The great whoosh echoing off the pavement of 52nd Street signals a second coming.
Though it’s been 25 years since Angels in America first premiered on Broadway, winning the 1993 Drama Pulitzer and Best Play Tony Award, the primal urgency of Tony Kushner’s two-part epic feels almost overdetermined. The deadliest days of the AIDS crisis may be in our rearview, but Kushner’s ‘Gay Fantasia on National Themes,’ as it’s subtitled, imagined an America reckoning with itself where there had been none like it before.
The magnificent new production that opened last night at the Neil Simon Theatre arrives colored by hindsight, through the visionary, outsider perspective of Marianne Elliott, two-time Tony winner and frequent director at London’s National Theatre where it originated last summer. Blurring the context of time and place, Elliott’s staging makes a striking visual case for the timelessness of Kushner’s cosmic and moral themes — even if it sometimes comes at the expense of the play’s grounding in flesh and blood.
Part one, Millennium Approaches, lays the story’s earthly foundations — who’s in love, who’s sick, who’s a jerk, and who simply cannot bear to face themselves. Though their relationships are already ticking bombs when we meet, chemistry between Prior and Louis and Harper and Joe doesn’t seem likely cause for explosion here. Mortality is as certain as it gets, but sex and love take a specific kind of alchemy.
Andrew Garfield is extraordinary as Prior Walter, the tart, endearing eccentric turned prophet whose lover, Louis (James McArdle), abandons him as Prior faces a battle with AIDS. The soul of Elliott’s production, Garfield’s vibrant, sensitive turn is a knockout. McArdle faces the challenge of arousing sympathy and loathing for Louis in equal measure, a balancing act he manages reasonably well. (When Prior tells Louis, “It’s like the idea of crying when you do it,” it’s maybe too easy to see what he means.) But McArdle’s performance lacks a kind of carnal energy, particularly in his jump from one hunky screen star to another, when he falls into bed with Lee Pace as Joe Pitt.
Pace, last on Broadway in The Normal Heart, is too even-keeled even for Joe, a closeted judge’s clerk who eventually drops his temple garments for Louis. (Joe and his wife Harper are Mormons.) Joe’s arc from buttoned-up closet case to naked, raving lover on the beach is one of the play’s most drastic, undersold here by Pace. Joe’s disconnect from Harper, at least, is inherent to their relationship. Denise Gough (electric last fall in People, Places, and Things at St. Ann’s Warehouse) is all jangling nerves as Harper, off her hinges from the start. Though this leaves slightly less room for her to spin out, Gough’s every emotional turn is as deeply felt as Pace’s is obscured and out of reach.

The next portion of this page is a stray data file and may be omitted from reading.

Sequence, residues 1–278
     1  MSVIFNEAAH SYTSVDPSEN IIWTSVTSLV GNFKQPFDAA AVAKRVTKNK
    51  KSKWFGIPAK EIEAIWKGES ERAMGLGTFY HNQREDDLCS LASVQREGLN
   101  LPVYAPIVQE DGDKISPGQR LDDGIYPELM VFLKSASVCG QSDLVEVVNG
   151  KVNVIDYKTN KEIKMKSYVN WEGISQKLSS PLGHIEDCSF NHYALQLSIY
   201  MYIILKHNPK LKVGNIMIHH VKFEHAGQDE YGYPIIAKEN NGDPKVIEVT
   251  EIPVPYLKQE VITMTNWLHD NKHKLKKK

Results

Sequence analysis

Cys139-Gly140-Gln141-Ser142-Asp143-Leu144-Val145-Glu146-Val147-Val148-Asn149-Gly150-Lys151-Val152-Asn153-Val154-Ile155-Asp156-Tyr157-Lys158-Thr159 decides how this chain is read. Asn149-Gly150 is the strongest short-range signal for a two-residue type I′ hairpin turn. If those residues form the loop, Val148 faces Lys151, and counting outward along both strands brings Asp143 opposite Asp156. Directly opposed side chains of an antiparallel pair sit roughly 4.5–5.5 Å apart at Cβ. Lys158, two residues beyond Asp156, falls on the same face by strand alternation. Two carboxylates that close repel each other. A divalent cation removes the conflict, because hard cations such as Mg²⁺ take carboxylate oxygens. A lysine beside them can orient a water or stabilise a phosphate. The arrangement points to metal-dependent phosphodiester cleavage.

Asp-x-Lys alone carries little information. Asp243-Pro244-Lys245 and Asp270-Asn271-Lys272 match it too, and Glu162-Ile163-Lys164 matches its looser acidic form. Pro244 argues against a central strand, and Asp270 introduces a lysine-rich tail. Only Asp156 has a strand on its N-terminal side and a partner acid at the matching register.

Nathan Lane, who makes every character his own divine beast, harbors a certain softness behind the bristle of Roy Cohn (a real-life mentor of Donald Trump), causing slippery shifts in the balance of sympathies and casting his character’s fall in an unexpected light. Susan Brown is excellent as Roy’s frequent sparring partner, often in the guise of Soviet spy Ethel Rosenberg, as is Nathan Stewart-Jarrett as Belize, Roy’s nurse, Prior’s ex, and the story’s emblem for emotional labor.
Elliott’s staging of part one, across a series of turntables with half walls of curiously mismatched textures, makes quick work of moving between scenes, but resists grounding the story in a tangibly recognizable world. Shifts between the characters’ own realities and fantasies are so subtle as to be almost imperceptible. Aside from a wire trash can or two, very little about Ian MacNeil’s scenic design suggests New York City, and the modern to period-neutral costumes (designed by Nicky Gillibrand) likewise blot out the context of time. Even the looming shadows cast by Paule Constable’s stark lighting defy natural settings.
This emphasis on Angels’ enduring, epic quality certainly pays off, particularly in part two. As Kushner’s fantasia sprawls and unravels, the wholly cosmic atmosphere Elliott creates with Perestroika feels more visually assured. By the time a flash heralds the angel, beautifully and brilliantly conceived as a sort of scorched Lady Justice manipulated by living shadows — be prepared to ascend.
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Follow Naveen Kumar on Twitter: @Mr_NaveenKumar
(photos: brinkhoff & mögenburg, helen maybanks)